private TestService testService;

    public void doFilter(ServletRequest servletRequest, ServletResponse servletResponse, FilterChain filterChain) throws IOException, ServletException {

        System.out.println("Filter processing");
        filterChain.doFilter(servletRequest, servletResponse);
    }Copy the code

In the Filter processing, I am preceded by the A Interceptor method and I am preceded by the Controller Interceptor methodCopy the code

Insert the service into the interceptor, send a request to the interceptor, and check whether the service is Null.

This is due to a load order issue, where the interceptors are loaded before The SpringContext, and the beans are managed by Spring.

Interceptor: I’m going into the bridal chamber today;

Spring: Dude, don’t mess around. Your daughter-in-law hasn’t been born yet!

The solution is as simple as injecting Interceptor manually before registering it. Note: The instance of getMyInterceptor() is registered in Registry.addInterceptor ().

public class MyMvcConfig implements WebMvcConfigurer {

    public MyInterceptor getMyInterceptor(){
        System.out.println("MyInterceptor is injected");
        return new MyInterceptor();
    public void addInterceptors(InterceptorRegistry registry) {

        registry.addInterceptor(getMyInterceptor()).addPathPatterns("/ * *"); }}Copy the code

6, the control execution sequence is different

In the actual development process, there will be multiple filters or interceptors at the same time, but sometimes we want one filter or interceptor to be executed first, which involves the order in which they are executed.

Filters use @Order annotation to control the Order of execution. The level of the filter is controlled by @Order. The smaller the value, the higher the level.

public class MyFilter2 implements Filter {Copy the code

The default Order in which interceptors are executed is the Order in which they are registered. This can also be controlled manually with Order, where the smaller the value, the more the interceptors are executed first.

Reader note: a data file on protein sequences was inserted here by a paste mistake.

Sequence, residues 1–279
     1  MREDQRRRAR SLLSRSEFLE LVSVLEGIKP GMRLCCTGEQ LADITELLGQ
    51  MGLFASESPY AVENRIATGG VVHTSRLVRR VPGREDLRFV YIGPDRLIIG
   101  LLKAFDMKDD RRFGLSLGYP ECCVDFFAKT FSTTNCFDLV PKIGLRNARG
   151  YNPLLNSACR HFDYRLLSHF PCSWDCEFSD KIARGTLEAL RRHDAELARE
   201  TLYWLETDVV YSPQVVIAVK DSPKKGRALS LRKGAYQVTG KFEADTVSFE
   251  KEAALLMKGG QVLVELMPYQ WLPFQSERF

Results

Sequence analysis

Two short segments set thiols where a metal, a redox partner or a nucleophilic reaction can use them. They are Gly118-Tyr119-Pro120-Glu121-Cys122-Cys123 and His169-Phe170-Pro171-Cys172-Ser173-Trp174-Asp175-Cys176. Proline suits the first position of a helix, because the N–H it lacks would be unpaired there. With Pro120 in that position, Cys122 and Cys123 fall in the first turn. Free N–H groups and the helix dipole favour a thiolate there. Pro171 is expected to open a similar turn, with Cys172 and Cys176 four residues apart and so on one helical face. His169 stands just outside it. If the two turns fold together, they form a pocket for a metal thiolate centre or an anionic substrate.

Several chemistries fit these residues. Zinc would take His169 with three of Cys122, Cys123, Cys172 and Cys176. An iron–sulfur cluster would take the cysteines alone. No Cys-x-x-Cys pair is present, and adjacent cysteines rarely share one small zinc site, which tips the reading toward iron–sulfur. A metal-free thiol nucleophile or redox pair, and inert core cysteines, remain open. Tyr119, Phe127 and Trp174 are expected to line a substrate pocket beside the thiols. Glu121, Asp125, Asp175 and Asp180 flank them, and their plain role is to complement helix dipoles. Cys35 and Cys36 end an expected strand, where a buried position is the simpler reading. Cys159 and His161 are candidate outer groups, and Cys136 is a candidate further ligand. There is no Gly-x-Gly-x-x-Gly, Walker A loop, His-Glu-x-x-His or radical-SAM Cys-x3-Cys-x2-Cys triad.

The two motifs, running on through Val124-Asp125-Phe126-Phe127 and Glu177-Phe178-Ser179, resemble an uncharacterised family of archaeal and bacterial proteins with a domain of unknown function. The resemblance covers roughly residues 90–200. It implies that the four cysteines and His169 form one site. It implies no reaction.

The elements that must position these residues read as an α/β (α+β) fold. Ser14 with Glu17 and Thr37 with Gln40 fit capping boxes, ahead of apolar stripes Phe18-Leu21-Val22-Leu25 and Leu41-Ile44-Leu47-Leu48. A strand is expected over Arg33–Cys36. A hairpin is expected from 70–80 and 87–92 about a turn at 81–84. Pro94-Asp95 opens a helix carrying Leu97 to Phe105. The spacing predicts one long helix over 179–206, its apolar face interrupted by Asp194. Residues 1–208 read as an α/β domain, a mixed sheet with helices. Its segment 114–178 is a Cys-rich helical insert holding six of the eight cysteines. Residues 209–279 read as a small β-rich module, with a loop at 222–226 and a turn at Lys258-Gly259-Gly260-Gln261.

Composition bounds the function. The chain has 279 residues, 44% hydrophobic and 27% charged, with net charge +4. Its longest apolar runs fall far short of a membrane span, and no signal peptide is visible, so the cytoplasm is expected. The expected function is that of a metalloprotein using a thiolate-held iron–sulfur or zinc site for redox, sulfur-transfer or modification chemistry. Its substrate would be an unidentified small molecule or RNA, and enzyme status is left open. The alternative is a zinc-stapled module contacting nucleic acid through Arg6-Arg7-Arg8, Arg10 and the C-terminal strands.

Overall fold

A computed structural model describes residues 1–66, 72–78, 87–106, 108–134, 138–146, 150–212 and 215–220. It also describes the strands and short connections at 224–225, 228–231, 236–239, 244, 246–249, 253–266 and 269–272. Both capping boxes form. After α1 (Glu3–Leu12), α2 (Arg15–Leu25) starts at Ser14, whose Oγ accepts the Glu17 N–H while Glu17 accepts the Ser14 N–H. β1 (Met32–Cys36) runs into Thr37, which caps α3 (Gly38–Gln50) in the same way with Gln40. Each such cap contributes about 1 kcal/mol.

public void addInterceptors(InterceptorRegistry registry) {
        registry.addInterceptor(new MyInterceptor2()).addPathPatterns("/ * *").order(2);
        registry.addInterceptor(new MyInterceptor1()).addPathPatterns("/ * *").order(1);
        registry.addInterceptor(new MyInterceptor()).addPathPatterns("/ * *").order(3);
    }Copy the code

When you look at the output, you see that the declared interceptor preHandle() method executes first, while the postHandle() method executes later.

PostHandle () is called in the opposite order to preHandle()! If your actual development is strictly about execution order, you need to pay special attention to this.

I'm the Controller Interceptor. I'm the controller Interceptor. I'm the Interceptor1 Interceptor after Interceptor2 after Interceptor1 after processingCopy the code

So why is that? The only way to get the answer is to look at the source code, and know that all requests in the Controller are routed through the core DispatcherServlet component, executing its doDispatch() method, This is where the interceptor postHandle() and preHandle() methods are called.